By JD Rhoades
On March 19, Fred Phelps, founder and pastor of the Westboro Baptist Church, passed away in a hospice in Kansas. You have to admit, he was an easy guy to hate.
Members of the WBC became famous in recent years, not just for their virulent anti-gay stance, but in the way they expressed it: by picketing funerals.
Phelps and his crew started off by picketing in parks in their hometown of Topeka, Kan., because said parks were supposedly sites for gay activity. Soon they were making headlines for protesting at the funerals of gay murder victims, such as Matthew Shepard, waving signs that said that Shepard was in hell and especially that “God Hates Fags,” a phrase which became the slogan most identified with the church.
Quickly, however, they decided to expand the group of people they were trying to offend to, well, just about everyone. They began picketing the funerals of American soldiers killed overseas in 2005, because, Phelps said, combat deaths were God’s punishment for America’s “tolerance” of homosexuals.
I must confess, when I saw a picture of a WBC sign that said “Thank God For Dead Soldiers,” I had to wonder if this wasn’t some bizarre piece of performance art meant to discredit the anti-gay rights movement. (They also once picketed a store for selling Swedish-made vacuum cleaners — because, I guess, Sweden was too gay for them).)
But no, it eventually became clear that these wackaloons were serious. They picketed the funerals of people killed in the Sago Mine disaster. They picketed the funeral of Mister Rogers. They picketed the funeral of the 9-year-old girl killed in the same shooting that wounded Rep. Gabrielle Giffords. They stomped on the American flag at the gates of Camp Lejeune after the murder of Marine Lance Cpl. Maria Lauterbach (even though there was zero evidence that Lauterbach was gay).
Their philosophy could best be summed up by a song the church once recorded, a parody of “We Are the World” called “God Hates the World.” And everywhere they went, you saw Phelps grinning his ghastly death’s-head grin and looking like The Beast from “Poltergeist II.”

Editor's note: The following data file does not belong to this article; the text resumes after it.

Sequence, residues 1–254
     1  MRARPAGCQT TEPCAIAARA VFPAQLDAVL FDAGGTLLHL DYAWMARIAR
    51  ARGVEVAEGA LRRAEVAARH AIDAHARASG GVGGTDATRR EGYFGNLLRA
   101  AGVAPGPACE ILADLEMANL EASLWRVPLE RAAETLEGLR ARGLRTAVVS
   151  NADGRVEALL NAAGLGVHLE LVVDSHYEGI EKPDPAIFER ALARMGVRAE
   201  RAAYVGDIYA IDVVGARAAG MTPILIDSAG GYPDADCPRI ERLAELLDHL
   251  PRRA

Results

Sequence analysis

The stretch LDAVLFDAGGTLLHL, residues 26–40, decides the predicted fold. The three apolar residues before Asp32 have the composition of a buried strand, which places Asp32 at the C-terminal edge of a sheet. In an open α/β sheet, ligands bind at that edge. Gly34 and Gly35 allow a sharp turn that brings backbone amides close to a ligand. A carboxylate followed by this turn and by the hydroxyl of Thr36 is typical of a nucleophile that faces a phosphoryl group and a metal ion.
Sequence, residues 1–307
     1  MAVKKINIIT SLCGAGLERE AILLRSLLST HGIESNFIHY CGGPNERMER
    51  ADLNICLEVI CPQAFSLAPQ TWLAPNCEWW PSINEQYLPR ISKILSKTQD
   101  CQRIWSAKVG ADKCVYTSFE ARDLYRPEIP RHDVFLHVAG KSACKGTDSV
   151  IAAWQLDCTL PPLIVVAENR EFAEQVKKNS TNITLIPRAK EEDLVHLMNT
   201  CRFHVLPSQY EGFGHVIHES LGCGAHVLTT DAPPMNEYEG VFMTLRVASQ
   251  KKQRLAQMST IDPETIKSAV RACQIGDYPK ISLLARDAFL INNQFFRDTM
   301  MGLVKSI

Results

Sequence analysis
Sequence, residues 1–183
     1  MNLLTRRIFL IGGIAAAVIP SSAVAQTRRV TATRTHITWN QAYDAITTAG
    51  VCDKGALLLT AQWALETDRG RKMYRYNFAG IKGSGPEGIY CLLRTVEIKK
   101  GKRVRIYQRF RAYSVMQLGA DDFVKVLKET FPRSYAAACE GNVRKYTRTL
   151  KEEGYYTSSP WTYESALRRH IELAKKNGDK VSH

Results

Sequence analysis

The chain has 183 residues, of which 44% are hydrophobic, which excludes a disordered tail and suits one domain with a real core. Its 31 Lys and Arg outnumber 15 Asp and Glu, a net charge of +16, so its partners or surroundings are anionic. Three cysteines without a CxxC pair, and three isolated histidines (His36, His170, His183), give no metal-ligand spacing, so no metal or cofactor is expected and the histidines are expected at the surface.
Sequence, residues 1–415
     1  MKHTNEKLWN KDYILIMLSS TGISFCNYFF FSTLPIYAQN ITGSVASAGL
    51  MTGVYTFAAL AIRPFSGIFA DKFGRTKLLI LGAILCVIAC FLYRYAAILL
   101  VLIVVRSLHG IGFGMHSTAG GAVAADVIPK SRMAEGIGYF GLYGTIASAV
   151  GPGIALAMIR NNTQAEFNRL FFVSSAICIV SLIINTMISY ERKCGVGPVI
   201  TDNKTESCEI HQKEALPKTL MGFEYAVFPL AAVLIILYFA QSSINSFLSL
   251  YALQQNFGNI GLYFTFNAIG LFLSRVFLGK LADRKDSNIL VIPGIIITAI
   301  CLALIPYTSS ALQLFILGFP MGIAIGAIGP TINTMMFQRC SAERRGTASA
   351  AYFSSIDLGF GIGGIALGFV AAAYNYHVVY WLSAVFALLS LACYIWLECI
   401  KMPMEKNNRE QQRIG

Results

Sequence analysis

He was the living, hideous symbol of the worst hatred and bigotry in America, a man who made you grit your teeth whenever you admitted, as the Supreme Court ruled in one case brought against him, that freedom of speech extended even to the most egregiously offensive speech imaginable.
Now he’s gone. So how should we react to the death of someone so completely horrible? Quite a few tweets and Facebook comments called for either dancing or performing — shall we say — other functions upon Phelps’ grave. Others called for studiously ignoring the event.
My favorite suggestion, however, was from a former Baptist minister who came out a few years ago and now blogs under the title of “The Gay Christian”: “My final prayer is that people do show up to his funeral as a show of pageantry. I hope they show up with large, decorated signs and billboards. I hope they line the streets leading to the funeral home, and I hope that they make sure they are seen. Finally, I hope every one of those billboards and signs read, ‘We forgive you.’”
Now, I understand how that would be hard for some, and downright impossible for others. There’s no way anyone can judge a mother of a dead son or daughter targeted by Phelps if she can’t bring herself to forgive him and his followers for publicly insisting that her child’s death was God’s judgment or that the child was at that moment burning in hell.
But I had to smile when I saw the picture of a group of counter-demonstrators who showed up at the first WBC protest after Phelps’ death with a banner that simply said “Sorry for Your Loss.”
Fred Phelps once told an interviewer that if people hated him, he felt he was doing his job right. Maybe it’s time for people, every day, to show Fred Phelps, wherever he is, just how badly he failed, by not hating anyone, even him, the way he and his flock hated others.
Via: J.D. Rhoades